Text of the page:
Ernie Goss: Well, I go by Ernie, anyway, and I only ask my wife and kids to call me Dr. Goss—you know how that works. But anyway, I think the parting shot would be really what Erin said, I think, is very salient here and that is—they’re not trying to make it worse—they will make it worse by subsidies. In other words, you dig yourself a hole and then when you’ve dug yourself a hole, quit digging. And now we need to quit digging. The infrastructure bill, which I supported many elements of that, and the program as well, but now I see the Continuing Resolution for Congress, I see that non-defense spending is growing by an astronomical level, the next year. Defense spending up by 1.7%, the latest number I saw. That’s not enough on the defense side in my judgment, but that’s a policy question. But on the non-defense side, you’re going to make the problem worse. In other words, the problem—I’ll give an example, Jim. Rent controls. That’s “Okay, we’re gonna help the renters out by stopping the growth in inflation at the rent level.” I mean, this happened back in the Nixon and the Ford administration. We had “Whip Inflation Now,” that’s the WIN program, and they had wage and price controls. These do not work! Then in other words, cut it out with the subsidies as Erin was saying, but also some of the policy responses that make no sense. The rent controls will make it absolutely worse. After the WIN, after Nixon and Ford, when you took the lid off the price controls it spiraled, it got worse. And that would be the wrong response. The government needs to let the market, where appropriate, to solve this problem. It won’t be solved with politicians, in my judgment, by meddling in terms of subsidies, meddling in terms of trying to target spending—“Well we need to spend more money here.” No, you’ve spent too much already, and the spending needs to come down.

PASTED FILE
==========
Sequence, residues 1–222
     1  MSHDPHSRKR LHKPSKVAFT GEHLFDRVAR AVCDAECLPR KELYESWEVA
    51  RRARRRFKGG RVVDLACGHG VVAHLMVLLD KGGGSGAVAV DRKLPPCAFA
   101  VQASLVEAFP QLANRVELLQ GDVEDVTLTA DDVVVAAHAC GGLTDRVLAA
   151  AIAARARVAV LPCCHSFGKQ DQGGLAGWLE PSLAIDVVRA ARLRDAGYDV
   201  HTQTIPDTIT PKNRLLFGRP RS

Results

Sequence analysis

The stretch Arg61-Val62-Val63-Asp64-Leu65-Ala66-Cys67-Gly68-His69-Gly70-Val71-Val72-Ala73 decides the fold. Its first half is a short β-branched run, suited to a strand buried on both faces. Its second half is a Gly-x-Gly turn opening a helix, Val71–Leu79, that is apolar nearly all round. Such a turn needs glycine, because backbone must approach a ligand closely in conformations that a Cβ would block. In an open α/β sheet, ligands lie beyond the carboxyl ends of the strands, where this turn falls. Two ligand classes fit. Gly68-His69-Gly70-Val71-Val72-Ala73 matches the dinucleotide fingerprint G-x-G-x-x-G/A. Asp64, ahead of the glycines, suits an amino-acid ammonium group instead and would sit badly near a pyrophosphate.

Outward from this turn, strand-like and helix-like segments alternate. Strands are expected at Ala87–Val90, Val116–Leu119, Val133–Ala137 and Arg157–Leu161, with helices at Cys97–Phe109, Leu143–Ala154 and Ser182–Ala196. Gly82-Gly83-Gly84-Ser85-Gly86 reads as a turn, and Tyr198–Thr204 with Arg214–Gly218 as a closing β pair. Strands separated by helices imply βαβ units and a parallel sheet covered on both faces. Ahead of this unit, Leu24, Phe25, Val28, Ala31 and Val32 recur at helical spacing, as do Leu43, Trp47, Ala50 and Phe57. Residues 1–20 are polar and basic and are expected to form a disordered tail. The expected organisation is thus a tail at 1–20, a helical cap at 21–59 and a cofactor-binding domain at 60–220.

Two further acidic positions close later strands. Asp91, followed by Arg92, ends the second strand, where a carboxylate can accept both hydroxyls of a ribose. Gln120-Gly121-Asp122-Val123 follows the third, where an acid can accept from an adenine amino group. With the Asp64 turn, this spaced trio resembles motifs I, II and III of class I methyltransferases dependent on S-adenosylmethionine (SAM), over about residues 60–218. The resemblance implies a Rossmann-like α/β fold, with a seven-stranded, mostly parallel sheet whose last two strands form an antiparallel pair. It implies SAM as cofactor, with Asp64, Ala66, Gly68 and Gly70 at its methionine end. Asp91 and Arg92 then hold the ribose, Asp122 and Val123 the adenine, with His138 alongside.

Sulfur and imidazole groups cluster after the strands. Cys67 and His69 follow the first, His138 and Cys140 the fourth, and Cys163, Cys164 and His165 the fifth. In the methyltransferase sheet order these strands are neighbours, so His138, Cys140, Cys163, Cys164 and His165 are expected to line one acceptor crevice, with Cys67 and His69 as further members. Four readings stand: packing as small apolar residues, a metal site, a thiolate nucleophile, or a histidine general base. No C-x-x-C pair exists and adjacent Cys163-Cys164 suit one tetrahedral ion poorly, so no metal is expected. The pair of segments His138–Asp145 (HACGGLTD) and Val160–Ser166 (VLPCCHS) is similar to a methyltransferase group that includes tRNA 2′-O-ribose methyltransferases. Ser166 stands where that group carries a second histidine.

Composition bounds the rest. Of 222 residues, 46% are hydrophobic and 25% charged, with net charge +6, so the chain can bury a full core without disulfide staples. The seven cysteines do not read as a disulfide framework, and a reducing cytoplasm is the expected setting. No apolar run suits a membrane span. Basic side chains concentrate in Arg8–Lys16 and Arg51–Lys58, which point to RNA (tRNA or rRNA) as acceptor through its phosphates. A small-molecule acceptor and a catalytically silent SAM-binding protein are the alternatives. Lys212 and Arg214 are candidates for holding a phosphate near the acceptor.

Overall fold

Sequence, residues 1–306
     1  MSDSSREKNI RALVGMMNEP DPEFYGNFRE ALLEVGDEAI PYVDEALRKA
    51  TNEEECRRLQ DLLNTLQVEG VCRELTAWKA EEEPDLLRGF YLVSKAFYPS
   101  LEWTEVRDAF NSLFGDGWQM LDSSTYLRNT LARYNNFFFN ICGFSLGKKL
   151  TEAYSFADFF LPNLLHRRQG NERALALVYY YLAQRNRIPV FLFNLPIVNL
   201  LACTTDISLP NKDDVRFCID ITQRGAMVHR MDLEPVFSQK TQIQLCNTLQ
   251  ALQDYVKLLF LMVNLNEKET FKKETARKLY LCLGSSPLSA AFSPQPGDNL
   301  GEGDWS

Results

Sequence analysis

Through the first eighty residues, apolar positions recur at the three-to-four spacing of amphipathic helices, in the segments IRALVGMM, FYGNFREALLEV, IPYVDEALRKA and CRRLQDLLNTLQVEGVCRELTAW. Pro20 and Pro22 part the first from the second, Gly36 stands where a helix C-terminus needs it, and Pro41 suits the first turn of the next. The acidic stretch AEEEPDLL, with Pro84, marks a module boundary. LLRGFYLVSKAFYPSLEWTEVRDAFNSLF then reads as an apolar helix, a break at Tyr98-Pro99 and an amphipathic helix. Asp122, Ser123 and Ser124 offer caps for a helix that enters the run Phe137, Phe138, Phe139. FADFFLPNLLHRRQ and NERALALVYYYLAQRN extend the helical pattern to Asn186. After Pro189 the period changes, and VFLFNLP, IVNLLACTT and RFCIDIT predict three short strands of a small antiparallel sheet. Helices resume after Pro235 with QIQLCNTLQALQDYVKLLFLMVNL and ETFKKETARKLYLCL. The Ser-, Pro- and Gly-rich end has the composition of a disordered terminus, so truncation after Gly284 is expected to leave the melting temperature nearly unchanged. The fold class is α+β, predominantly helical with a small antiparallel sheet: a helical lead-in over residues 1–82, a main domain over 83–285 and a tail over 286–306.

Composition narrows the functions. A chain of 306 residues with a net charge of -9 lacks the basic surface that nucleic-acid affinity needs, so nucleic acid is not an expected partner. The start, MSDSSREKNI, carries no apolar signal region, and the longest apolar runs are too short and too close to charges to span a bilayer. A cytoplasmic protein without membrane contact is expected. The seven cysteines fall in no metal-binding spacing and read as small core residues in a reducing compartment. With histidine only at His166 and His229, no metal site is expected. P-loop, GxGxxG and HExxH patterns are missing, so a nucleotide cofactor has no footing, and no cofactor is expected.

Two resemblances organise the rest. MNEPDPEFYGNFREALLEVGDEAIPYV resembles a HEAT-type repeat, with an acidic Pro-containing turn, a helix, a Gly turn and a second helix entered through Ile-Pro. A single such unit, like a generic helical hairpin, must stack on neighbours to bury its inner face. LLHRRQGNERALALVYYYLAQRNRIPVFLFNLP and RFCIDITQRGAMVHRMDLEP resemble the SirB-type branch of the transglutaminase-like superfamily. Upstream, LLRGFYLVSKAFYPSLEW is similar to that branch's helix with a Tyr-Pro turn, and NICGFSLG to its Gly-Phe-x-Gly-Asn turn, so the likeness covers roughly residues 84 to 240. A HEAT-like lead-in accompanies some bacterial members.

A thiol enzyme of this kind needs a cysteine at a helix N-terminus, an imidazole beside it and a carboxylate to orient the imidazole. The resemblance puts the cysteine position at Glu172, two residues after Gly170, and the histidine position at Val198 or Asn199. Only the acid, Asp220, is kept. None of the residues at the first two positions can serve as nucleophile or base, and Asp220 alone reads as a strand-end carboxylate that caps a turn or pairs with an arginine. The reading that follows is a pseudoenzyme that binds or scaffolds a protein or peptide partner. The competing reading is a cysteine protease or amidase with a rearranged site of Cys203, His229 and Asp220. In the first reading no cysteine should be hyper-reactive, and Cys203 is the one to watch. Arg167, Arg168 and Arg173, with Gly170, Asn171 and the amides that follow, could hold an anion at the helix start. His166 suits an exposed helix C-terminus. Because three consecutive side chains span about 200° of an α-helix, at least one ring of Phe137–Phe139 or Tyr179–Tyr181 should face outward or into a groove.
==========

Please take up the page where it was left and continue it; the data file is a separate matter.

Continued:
Another issue we didn’t talk, I didn’t mention it, Jim and Erin is that the stimulus packages—that would be the two [CARES & ARPA] and the infrastructure bill—put a lot of money in the hands of consumers. The savings rate in the U.S. went to record levels in 2020 and early part of 2021. They’re still there. If consumers break it out, that could mean even higher inflation, so we’ve got to be ready. We have to encourage individuals not just go on spending sprees. And that’s the real key. We don’t want inflation expectations although to rise, and in fact, I’m contributing to it, we’ve contributed to it today. But you gotta be honest with people out there, and I think politicians and economists and public policy people have to be honest. Americans are not stupid.
Jim Vokal: Ernie, Erin, thank you for being two great guests on Nebraskanomics. and we look forward to talking to you again.
Ernie Goss: Thank you so much.
Erin Norman: Thanks, Jim.